As the fabric mesh, any suitable fabric mesh may be used. The fabric mesh may be woven or non-woven, although woven fabric meshes may be more desirable or more readily commercially available. The fibers or filaments comprising the fabric mesh may take any suitable form. For example, the fibers or filaments may be multifilament, monofilaments, sheath-core filaments, and the like. Woven monofilament mesh fabrics may desirably be used.
The fibers or filaments of the fabric mesh may be made of any suitable material. For example, the fibers or filaments may be polyamide such as nylon, for example polyamide 6 or polyamide 6,6 (for example, commercially available as NITEX from Sefar America), polyester such as polyethylene terephthalate (for example, commercially available as PETEX from Sefar America), polyolefin such as polyethylene or polypropylene (for example, commercially available as PROPYLTEX from Sefar America, or polypropylene mesh from INTERNET©) polyetheretherketone (PEEK) (for example, commercially available as PEAKTEX from Sefar America), fluorine-containing polymers such as polyvinylidene fluoride, polytetrafluoroethylene or ethylene-tetrafluoroethylene (for example, commercially available as FLUORTEX from Sefar America), combinations thereof, and the like. Additional commercial fabric mesh materials include NYTAL and MEDIFAB, polyamide and polyethylene terephthalate fabrics available from Sefar America.
The fabric mesh may have a thickness of from about 5 to about 2,000 μm, with thinner fabric mesh materials being more suitable for use in preparing flexible display devices. For example, the fabric mesh may have a thickness of from about 10 to about 1,500 μm or from about 25 to about 1,000 μm. The overall device including the fabric mesh spacer layer may have a thickness of from about 20 μm to about 2,000 μm, for example from about 20 to about 1,500 μm or from about 25 to about 1,000 μm.
The mesh openings defining the reservoirs of the fabric mesh spacer are filled with display medium, and the display medium-containing film is sandwiched between the conductive substrates in forming the display device. Any possible method of filling the mesh openings of the fabric mesh with the display medium may be used. For example, the fabric mesh may be located on or over one of the conductive substrates, or an intermediate film, and the display medium then applied to the fabric mesh to be held in the mesh openings. The top conductive substrate may then be applied.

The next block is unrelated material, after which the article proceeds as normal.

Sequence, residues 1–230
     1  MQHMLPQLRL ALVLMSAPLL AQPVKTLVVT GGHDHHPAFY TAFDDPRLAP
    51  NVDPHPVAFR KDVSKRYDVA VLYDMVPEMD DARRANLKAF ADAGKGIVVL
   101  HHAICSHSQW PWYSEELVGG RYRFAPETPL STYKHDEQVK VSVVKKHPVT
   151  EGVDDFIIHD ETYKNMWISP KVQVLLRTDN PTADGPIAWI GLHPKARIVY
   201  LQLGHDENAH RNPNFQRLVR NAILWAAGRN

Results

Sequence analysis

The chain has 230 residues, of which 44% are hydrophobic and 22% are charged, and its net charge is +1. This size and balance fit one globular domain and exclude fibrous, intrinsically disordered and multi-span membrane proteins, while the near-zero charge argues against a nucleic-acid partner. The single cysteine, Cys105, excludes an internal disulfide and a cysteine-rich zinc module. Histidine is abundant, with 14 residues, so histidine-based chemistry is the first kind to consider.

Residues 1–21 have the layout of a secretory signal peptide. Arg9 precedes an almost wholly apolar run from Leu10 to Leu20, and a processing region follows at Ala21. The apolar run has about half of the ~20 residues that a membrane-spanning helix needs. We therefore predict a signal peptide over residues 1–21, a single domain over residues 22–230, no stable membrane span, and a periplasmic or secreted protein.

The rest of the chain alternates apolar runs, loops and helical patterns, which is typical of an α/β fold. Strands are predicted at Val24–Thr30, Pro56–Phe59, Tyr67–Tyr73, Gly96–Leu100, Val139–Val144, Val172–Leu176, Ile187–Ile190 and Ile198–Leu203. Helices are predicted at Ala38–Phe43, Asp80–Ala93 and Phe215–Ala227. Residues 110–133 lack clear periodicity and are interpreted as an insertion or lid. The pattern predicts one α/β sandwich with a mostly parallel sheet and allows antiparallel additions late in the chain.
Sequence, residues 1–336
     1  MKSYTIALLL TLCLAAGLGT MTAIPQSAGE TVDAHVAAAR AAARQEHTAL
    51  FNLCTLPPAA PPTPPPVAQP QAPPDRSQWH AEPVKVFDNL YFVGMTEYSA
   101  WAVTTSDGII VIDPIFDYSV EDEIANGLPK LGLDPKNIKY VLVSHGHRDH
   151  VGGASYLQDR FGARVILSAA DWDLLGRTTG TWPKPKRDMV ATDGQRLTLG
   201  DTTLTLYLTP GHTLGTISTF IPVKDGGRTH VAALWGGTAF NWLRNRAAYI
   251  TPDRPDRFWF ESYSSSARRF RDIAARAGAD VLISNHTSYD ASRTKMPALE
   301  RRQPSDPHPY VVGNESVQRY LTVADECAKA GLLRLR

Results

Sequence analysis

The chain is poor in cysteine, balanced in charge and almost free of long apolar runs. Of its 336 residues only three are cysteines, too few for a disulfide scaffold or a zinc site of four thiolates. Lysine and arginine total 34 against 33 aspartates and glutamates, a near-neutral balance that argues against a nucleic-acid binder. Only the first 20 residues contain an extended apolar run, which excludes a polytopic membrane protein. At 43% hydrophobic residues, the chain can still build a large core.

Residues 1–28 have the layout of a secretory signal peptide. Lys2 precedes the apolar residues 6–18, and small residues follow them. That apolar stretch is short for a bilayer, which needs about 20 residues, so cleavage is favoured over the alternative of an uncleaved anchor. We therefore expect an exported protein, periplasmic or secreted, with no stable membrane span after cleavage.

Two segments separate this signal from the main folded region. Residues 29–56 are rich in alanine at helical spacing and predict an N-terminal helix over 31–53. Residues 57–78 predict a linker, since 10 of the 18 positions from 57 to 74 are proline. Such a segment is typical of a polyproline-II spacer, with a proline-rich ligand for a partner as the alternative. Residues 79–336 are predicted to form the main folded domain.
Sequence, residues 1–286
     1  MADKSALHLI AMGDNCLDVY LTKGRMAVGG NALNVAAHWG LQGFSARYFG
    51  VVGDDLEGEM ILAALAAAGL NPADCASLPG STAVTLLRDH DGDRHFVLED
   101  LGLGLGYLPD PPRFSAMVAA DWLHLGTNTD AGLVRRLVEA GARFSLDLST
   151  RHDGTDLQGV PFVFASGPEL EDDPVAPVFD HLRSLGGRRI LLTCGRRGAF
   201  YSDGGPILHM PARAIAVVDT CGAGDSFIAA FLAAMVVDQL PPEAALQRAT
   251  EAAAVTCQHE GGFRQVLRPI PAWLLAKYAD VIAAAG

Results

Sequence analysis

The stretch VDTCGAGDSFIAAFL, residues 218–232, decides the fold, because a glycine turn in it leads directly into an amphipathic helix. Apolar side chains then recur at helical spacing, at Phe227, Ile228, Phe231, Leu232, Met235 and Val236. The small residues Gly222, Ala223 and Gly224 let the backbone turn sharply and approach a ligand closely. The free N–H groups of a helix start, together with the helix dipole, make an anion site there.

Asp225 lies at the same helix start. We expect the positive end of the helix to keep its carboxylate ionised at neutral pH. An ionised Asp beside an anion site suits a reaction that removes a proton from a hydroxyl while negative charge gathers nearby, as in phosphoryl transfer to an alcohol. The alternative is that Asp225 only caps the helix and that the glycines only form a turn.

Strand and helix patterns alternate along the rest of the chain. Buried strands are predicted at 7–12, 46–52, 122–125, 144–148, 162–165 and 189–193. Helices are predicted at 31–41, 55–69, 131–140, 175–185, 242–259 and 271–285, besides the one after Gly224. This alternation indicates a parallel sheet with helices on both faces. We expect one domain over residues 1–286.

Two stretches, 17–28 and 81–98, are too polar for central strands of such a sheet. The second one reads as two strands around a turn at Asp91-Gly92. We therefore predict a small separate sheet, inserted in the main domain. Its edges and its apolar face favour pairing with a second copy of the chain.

Another advantage associated with the use of fabric mesh spacers is that the mesh lines are relatively small, and thus less area is occupied by the segregating fibers or filaments of the fabric mesh. This enables the display device to potentially have a greater contrast, that is, a greater number of reservoirs or cells per unit area.
In embodiments, it may be desirable to subject the fabric mesh to a flattening or compressing procedure prior to filling the mesh openings with the display medium. For example, as shown in
To address this potential issue, the fabric mesh may be flattened so that the extent of openness between reservoirs, for example the extent of openness in the weave, of the fabric mesh is substantially reduced.
To flatten or compress the fabric mesh, any suitable method may be used, for example any method in which uniaxial pressure is applied to the fabric mesh to effect the compression thereof. Example methods of flattening the fabric mesh include, for example, pressure applications, heating applications, or both, such as pressing the fabric mesh in any suitable press, with or without heating, feeding the fabric mesh between compression applying, or lamination, rollers, with or without heating, heating to just below a melting point of the fabric mesh material so as to tackify the fabric mesh, possibly also with the application of pressure as above, heating to above the melting point of the fabric mesh, possibly also with the application of pressure as above, and the like. For example, for a polypropylene mesh, temperatures ranging from about 150° C. to about 170° C. and/or pressures ranging; from about 1 psi to about 15 psi, for times ranging from about 1 to about 60 minutes, may be used in creating flattened mesh.
The substantially continuous walls of the flattened fabric mesh form a vertical barrier that substantially prevents any diffusion of the display medium between reservoirs of the fabric mesh.
In embodiments, the conductive substrates may be non-flexible, such as glass, for example ITO coated glass, and the like, or flexible, such as a polymer film, for example ITO coated MYLAR, and the like.